I attended Cathy’s first ecoliteracy workshop, having struck up a friendship after hearing her speak at the Conference of Irish Geographers on art and sustainability. I was struck then by her ideas, and felt immediately the importance of her work. Here was someone finally articulating and speaking about issues with the urgency which I felt at the time, but which was not yet mainstream in public discourse.
Cathy spoke courageously about the sixth extinction, climate change, culture as the fourth pillar of sustainability and through her workshop, introduced me to a host of authors, ideas, and environmental philosophers whose work must be read in this time of change and upheaval.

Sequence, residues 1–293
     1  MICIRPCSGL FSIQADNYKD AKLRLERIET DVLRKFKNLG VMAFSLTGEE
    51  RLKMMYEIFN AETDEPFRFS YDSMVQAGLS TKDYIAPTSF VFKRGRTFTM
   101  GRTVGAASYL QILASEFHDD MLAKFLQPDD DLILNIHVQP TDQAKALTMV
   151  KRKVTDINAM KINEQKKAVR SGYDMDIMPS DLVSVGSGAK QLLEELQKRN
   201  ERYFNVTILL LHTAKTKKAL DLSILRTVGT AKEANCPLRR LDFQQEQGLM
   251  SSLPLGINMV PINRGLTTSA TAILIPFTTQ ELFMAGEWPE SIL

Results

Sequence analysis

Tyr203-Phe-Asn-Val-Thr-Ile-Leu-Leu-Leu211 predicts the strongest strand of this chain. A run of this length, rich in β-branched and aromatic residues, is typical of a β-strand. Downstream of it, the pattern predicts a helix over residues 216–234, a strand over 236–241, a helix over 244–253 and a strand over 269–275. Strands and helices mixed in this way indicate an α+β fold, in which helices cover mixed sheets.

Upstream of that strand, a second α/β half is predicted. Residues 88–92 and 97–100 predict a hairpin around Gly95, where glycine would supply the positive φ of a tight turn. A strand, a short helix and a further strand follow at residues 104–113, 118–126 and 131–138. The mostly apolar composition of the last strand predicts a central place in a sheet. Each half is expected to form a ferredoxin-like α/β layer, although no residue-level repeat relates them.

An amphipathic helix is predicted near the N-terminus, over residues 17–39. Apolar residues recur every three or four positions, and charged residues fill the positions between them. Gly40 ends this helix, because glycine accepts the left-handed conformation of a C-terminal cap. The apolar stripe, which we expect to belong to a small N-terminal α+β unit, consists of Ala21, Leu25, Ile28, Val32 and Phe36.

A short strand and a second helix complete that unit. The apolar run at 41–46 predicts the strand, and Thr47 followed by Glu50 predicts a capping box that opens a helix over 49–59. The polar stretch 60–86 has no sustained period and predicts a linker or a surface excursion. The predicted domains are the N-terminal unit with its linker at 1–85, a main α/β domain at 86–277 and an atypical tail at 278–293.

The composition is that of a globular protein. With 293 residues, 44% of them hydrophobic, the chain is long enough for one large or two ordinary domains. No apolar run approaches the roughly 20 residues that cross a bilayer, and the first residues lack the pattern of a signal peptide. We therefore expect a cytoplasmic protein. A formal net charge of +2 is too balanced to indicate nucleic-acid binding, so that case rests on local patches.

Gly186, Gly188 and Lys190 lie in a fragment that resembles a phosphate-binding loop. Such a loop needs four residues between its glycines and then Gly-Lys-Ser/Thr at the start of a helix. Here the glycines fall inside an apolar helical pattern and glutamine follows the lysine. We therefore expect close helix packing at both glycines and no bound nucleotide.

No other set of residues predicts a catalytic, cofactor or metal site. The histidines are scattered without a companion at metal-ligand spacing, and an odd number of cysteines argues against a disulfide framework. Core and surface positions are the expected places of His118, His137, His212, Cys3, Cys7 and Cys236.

I continue to admire and deeply appreciate her honesty and courage in speaking about these issues, urging us to strive for a human morality that includes all living beings and reconnects us to ourselves, each other, and the natural world. Shakespeare counsels that we must “Give sorrow words. The grief that does not speak whispers the o’erfraught heart and bids it break”. Cathy’s work and friendship have helped me and many others give that sorrow words, giving us tools to keep going at a time when our hearts are close to breaking as we bear witness to the multiple global crises that are unfolding.